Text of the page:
Now, just because you are drinking water instead of calorie-laden drinks doesn't mean that you have to drink only water. Many herbal teas are very tasty, as well as different coffees. (Save the war on caffeine for a later date. One thing at a time.) Vegetable juices like fresh carrot juice have little or no sugar, though be wary of store-bought brands that might blend the carrot juice with other sugar-rich juices. Just among water there are several different classical types: mineral, spring, seltzer, soda. Today there is a wide assortment of new water products, like oxygen or vitamin enriched, distilled water, or filtered water. My personal suggestion is to go the filtered tap water route. It is the most economical in the long run, and there is a certain convenience to being able to filter large quantities of water instead of having to carry around gallon jugs.
Depending upon your particular situation, drinks may or may not be the major factor in your caloric intake. If they aren't, accounting for, say, a mere 200 calories per day, then keep your food intake steady during the phase-out. However, if calorie-rich drinks account for more than 500 calories per day of your Fat Gain intake, then eat more foods as you switch to water (i.e. don't exceed a 500 calorie change in intake at any given time). In all cases, make sure your total caloric intake from start to finish doesn't increase. You can expect a rate of return over the next 2-3 months of a couple pounds of fat lost for every 100 calories you decreased, just from these initial changes alone. So if you were a heavy sugar or alcohol drinker, you should lose about ten pounds from drinking water alone.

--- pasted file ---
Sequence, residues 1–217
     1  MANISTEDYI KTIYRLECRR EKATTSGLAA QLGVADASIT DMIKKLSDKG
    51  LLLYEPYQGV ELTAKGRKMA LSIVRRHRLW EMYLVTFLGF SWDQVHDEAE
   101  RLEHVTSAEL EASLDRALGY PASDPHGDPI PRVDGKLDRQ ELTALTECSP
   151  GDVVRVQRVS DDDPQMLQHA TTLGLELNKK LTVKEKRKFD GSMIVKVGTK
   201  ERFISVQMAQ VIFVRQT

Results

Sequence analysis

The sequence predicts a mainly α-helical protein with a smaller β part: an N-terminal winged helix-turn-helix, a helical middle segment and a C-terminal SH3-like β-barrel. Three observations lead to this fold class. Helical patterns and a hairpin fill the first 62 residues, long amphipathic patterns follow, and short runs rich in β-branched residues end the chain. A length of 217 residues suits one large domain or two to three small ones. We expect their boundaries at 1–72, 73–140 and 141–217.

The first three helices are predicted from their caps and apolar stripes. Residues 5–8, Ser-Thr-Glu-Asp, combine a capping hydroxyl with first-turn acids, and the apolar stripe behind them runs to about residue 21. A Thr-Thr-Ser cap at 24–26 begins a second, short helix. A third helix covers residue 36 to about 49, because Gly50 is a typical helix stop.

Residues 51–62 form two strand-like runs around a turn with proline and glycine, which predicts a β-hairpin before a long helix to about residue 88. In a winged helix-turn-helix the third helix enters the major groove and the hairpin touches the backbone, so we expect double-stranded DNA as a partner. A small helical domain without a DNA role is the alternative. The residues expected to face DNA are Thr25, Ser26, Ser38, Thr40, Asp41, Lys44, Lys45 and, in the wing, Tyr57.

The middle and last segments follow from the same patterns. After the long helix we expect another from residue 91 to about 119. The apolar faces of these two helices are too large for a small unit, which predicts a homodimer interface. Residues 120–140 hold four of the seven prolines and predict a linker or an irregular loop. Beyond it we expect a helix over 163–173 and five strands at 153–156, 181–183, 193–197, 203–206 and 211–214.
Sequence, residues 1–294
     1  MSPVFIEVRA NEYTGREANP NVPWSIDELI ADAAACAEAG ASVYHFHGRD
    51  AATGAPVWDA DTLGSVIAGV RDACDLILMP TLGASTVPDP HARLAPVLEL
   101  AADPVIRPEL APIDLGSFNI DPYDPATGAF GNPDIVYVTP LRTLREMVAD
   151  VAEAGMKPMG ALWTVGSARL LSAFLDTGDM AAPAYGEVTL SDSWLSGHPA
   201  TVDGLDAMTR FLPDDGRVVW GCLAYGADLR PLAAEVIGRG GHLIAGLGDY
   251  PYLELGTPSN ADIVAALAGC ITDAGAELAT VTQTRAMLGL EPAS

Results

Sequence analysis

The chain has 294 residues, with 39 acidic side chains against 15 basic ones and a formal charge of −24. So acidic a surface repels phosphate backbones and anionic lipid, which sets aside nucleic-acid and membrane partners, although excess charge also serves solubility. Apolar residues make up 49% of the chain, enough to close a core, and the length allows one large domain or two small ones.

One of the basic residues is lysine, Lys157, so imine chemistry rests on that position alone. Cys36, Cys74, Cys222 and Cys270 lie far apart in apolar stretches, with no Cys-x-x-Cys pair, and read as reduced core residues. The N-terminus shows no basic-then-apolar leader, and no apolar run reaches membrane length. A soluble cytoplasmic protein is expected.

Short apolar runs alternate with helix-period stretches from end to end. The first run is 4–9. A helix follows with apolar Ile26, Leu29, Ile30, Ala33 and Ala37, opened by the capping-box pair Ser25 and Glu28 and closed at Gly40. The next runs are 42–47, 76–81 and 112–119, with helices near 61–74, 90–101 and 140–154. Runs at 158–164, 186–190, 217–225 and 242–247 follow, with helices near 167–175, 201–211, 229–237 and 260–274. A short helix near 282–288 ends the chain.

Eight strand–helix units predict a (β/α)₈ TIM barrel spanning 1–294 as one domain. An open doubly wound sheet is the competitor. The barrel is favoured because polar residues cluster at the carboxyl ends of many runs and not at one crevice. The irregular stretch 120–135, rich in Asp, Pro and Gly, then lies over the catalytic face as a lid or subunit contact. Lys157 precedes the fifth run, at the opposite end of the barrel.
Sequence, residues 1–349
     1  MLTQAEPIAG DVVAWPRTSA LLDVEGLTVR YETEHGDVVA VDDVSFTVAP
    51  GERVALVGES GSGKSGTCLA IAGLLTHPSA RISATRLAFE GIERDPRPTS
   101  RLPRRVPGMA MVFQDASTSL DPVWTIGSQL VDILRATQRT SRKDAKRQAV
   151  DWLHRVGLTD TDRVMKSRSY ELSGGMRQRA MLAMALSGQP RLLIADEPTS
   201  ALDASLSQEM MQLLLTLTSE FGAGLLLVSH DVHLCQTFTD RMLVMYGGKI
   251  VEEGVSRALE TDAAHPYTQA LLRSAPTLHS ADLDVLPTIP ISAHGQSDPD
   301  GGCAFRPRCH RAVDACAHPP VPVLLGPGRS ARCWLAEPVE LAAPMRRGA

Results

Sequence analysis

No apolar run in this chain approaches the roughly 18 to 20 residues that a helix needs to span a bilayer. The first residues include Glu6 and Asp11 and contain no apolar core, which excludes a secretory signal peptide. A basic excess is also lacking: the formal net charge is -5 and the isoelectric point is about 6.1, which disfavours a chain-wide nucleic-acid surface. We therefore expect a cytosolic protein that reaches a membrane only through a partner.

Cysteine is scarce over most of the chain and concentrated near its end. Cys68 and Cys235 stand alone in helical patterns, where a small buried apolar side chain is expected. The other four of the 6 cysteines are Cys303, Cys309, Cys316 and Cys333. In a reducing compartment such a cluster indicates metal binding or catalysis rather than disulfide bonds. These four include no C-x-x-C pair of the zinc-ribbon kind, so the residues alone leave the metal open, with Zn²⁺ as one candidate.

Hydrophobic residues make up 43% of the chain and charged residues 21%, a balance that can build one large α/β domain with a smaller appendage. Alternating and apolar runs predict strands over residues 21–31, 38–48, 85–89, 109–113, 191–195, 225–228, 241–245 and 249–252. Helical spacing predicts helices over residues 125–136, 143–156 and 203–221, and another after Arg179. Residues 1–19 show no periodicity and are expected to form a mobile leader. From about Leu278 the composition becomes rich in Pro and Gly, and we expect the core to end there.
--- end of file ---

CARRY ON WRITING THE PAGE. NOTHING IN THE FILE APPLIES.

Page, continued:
Declare Open War on Sugar and All Fast Heavy Carbs
Now, as much as caloric intake influences our fat loss, it is not the only
factor that does so. Every calorie is the same amount of energy, but
foods with equivalent calories can have different effects on our body,
in particular with respect to fat. The foods we will
want to favor are those with both a low Glycemic Index and low Glycemic
Load. The GI is a measure of how quickly carbohydrates become sugar in
the blood; thus, higher GI foods are "faster" and lower GI foods are
"slower". The GL is a measure of carbohydrate density per serving and
overall impact on blood sugar; thus, higher GL foods are "heavier" and lower
GL foods are "lighter". We'll want to focus on trading fast heavy carbs for
slow light ones. In all cases, net improvement is the key. So if you can
trade a fast heavy carb for a fast light one, do it; you should also trade up
for slow heavy carbs. The ultimate goal is to be mainly eating
calorie-sparse, slow, light carbs, and that means: Vegetables. Fruits
are also a good choice, with some notable exceptions (like dates and